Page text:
Looks old…because it is. In one form or another, Nissan’s venerable Frontier can trace its origins back to the mid-Noughties. Yet in some respects, its design is even more dated than that. To these eyes, there’s something deeply unhappy about the way the cargo bed sits behind the two-door cab – almost as though two unrelated vehicles have been welded together. Four-door models are slightly more coherent, but there’s still little about the Frontier’s design that would have been surprising in the Nineties. Here in the 2020s, in an age of Rivians and Ridgelines, the big Nissan’s design is way behind the times.

The all-important bed can be either five or six feet in length, taking almost 1,500 lb of cargo weight. Adding a crew cab costs $1,300, while all-wheel drive will increase your sticker price by $3,200. These increments must be offset against competitively low starting prices, with S trim retailing at $30,485. However, it’s not the model we’d buy.

Mid-range maestro. In its cheapest S guise, the Frontier is nowhere near as spartan as entry-level RAMs or Silverados. It comes with LED lighting, power locks and windows, an eight-inch touchscreen and a seven-inch digital instrument panel. Even so, we’d move up to mid-tier SV trim, whose goodies include alloy wheels and a power-adjustable driving seat. It’s much better value than the off-road-focused Pro-4X model, with its Bilstein shocks and locking rear diff; prices can easily pass $45,000 if you start ticking options boxes in the dealership. For instance, a Fender audio system and sunroof are bundled together with leather trim for $2,790.

Speaking of value, the Frontier’s economy is pretty poor. Though it may not concern many truck buyers, you’re looking at 20 MPG combined in RWD models and 19 when all four wheels are driven. Don’t expect environmentalists to salute as you roll past.

Decent road manners. The Frontier is the latest in a long line of highly capable off-roaders to wear the Nissan badge, but its retro looks bely surprisingly sophisticated road manners. Let’s start with the engine – a powerful 3.8-liter V6 which generates over 300 hp and over 280 lb-ft of torque. It’s smooth, paired to an equally creamy nine-speed automatic transmission, yet it can pull a 6,570-lb trailer. Despite still using leaf spring suspension at the back (with independent front suspension at least acknowledging the 21st century), the ride is acceptable, though it’s on the firm side of comfortable.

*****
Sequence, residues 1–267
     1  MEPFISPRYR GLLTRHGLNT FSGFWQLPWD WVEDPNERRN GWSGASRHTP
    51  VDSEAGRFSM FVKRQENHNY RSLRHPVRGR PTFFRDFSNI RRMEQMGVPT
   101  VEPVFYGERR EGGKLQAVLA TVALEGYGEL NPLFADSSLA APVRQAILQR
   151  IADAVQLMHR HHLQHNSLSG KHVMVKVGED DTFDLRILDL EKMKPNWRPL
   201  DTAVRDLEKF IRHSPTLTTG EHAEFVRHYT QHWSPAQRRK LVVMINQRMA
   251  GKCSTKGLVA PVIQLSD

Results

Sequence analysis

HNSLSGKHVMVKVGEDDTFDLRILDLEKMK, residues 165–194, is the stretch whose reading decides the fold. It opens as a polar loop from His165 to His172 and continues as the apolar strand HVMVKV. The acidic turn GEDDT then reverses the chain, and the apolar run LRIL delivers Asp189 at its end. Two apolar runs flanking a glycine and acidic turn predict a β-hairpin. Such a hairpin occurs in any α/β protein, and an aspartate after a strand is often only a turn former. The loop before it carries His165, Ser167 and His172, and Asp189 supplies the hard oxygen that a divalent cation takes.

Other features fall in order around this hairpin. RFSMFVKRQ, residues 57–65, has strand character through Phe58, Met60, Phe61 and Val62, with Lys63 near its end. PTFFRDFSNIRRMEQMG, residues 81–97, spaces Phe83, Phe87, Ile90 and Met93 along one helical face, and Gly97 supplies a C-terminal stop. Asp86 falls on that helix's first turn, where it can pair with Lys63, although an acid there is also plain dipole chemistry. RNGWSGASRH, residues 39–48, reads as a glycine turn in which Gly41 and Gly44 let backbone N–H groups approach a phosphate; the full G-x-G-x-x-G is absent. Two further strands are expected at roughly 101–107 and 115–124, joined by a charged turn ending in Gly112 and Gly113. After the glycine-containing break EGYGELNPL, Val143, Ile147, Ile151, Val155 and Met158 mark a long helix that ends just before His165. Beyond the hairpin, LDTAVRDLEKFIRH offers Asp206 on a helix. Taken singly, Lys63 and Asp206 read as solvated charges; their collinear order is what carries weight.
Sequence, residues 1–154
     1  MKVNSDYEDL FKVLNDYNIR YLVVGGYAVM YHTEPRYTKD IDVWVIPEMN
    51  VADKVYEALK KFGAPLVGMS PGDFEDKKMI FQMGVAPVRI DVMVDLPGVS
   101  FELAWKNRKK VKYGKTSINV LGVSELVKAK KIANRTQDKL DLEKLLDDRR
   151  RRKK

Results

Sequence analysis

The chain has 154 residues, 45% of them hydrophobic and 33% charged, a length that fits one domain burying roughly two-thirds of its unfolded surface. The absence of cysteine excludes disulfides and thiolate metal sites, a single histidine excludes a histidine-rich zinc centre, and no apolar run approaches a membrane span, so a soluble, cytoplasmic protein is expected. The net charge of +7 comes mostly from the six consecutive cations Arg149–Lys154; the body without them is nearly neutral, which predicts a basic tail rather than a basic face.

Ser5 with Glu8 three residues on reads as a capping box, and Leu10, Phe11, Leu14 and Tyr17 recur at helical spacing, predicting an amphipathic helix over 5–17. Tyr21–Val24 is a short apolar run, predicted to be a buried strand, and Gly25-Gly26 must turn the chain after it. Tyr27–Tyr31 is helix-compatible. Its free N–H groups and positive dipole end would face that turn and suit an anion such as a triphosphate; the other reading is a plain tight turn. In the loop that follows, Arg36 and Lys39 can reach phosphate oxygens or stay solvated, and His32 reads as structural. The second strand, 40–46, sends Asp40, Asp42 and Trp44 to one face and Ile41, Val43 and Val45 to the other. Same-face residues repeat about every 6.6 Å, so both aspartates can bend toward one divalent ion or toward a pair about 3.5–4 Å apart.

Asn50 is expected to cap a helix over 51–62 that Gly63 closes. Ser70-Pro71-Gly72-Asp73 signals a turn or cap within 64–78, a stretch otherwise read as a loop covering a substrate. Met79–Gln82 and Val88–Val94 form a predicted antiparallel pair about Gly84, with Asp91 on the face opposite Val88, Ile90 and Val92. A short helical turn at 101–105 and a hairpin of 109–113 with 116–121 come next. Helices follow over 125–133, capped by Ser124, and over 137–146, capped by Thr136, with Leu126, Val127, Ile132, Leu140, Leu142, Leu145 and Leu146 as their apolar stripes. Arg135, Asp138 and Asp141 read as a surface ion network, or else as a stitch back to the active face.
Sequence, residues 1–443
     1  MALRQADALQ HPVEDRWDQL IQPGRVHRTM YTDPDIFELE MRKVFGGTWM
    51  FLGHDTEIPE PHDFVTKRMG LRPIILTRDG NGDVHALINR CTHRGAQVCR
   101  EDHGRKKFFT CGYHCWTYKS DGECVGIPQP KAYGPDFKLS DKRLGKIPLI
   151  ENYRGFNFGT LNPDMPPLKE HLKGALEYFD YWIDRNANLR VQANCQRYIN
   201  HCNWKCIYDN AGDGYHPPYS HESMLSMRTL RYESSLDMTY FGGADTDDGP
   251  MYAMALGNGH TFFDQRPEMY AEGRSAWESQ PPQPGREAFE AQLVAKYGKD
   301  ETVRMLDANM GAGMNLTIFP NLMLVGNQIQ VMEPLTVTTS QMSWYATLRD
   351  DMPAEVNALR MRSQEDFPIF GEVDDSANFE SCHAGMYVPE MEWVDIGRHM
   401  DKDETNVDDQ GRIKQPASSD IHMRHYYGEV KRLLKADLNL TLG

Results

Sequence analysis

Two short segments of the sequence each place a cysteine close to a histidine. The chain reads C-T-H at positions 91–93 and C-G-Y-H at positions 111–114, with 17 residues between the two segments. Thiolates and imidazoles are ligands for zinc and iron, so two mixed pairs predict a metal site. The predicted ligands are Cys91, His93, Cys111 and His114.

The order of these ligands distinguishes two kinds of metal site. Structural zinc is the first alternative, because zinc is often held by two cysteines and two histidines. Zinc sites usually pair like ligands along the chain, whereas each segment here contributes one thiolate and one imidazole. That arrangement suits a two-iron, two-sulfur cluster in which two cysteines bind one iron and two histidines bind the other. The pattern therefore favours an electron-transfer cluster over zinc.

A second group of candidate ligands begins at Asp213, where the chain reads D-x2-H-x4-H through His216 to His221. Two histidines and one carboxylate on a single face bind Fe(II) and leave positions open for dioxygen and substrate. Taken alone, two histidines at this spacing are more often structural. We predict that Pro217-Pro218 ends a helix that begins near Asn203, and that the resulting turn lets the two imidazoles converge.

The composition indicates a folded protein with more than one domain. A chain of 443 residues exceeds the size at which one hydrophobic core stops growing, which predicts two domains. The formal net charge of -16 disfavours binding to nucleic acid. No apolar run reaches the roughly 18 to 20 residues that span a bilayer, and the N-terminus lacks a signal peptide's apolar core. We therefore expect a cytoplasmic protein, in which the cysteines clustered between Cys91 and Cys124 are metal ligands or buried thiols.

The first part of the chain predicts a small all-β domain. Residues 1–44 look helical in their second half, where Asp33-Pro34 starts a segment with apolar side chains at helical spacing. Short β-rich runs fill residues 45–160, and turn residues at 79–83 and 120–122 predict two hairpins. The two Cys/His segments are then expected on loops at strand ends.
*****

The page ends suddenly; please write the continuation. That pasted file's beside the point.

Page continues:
By the (admittedly low) class standards, the Frontier is good to drive, mainly thanks to meaty steering which retains hydraulic assistance. Like the aforementioned leaf springs, this is seriously outdated technology in an age when most vehicles use electric steering. It also poses challenges at low speeds, where a degree of upper body strength is required to turn the wheel.

2023 Nissan Frontier Interior

Not the best for families. If you’re buying an Extended Cab, rear seat occupants will be greeted by the sight of two drop-down seat bases and recessed lower back sections, surrounded by hard plastic with vertical headrests bolted on top. This is a pretty grim place to sit if you’re a biped, though dogs won’t mind too much. Crew Cab configurations have actual seats, but ignore the central rear belt – it’s a red herring. Two people will be squashed in here, and a third person would need Vaseline to get in and out.

You wouldn’t expect Lexus-like luxury in a Frontier, and that’s a good job because you won’t get it. Hard plastics and drab colors abound. The sea-of-gray dash is a good case in point, though at least the eight-inch infotainment screen is integrated into the dash rather than awkwardly perched on top of it. Cheaper trims have too many blank plastic switches, while materials get increasingly brittle and scratchy the further down you look.

Final thoughts. Between the $30,000 and $40,000 price points, you can choose from a variety of underwhelming trucks. The Frontier is right at home amid mediocre opposition like the Ford Ranger and Chevrolet Colorado, since it’s equally hard to recommend. Awkward styling and awful rear seat accommodation are allied to a perfunctory warranty, poor gas mileage and safety that’s summed up by a rare four-star NHTSA rating. It looks dated because it is, and forthcoming rival replacements will betray its age even further.

Reasons to buy one? The Pro-4X model delivers serious off-road prowess, while every model rides competently and grips impressively. Power is smooth and refined, with decent towing credentials, and base S models are better equipped than some entry-level trucks. Otherwise, pluses are mostly canceled out by minuses. It’s good to see automatic emergency braking with pedestrian detection on the standard equipment list, but blind-spot monitoring and adaptive cruise are options. The heavy steering is fun on a winding road, but a chore in a car park. In conclusion, the Frontier will do a job – but rivals will do it better.

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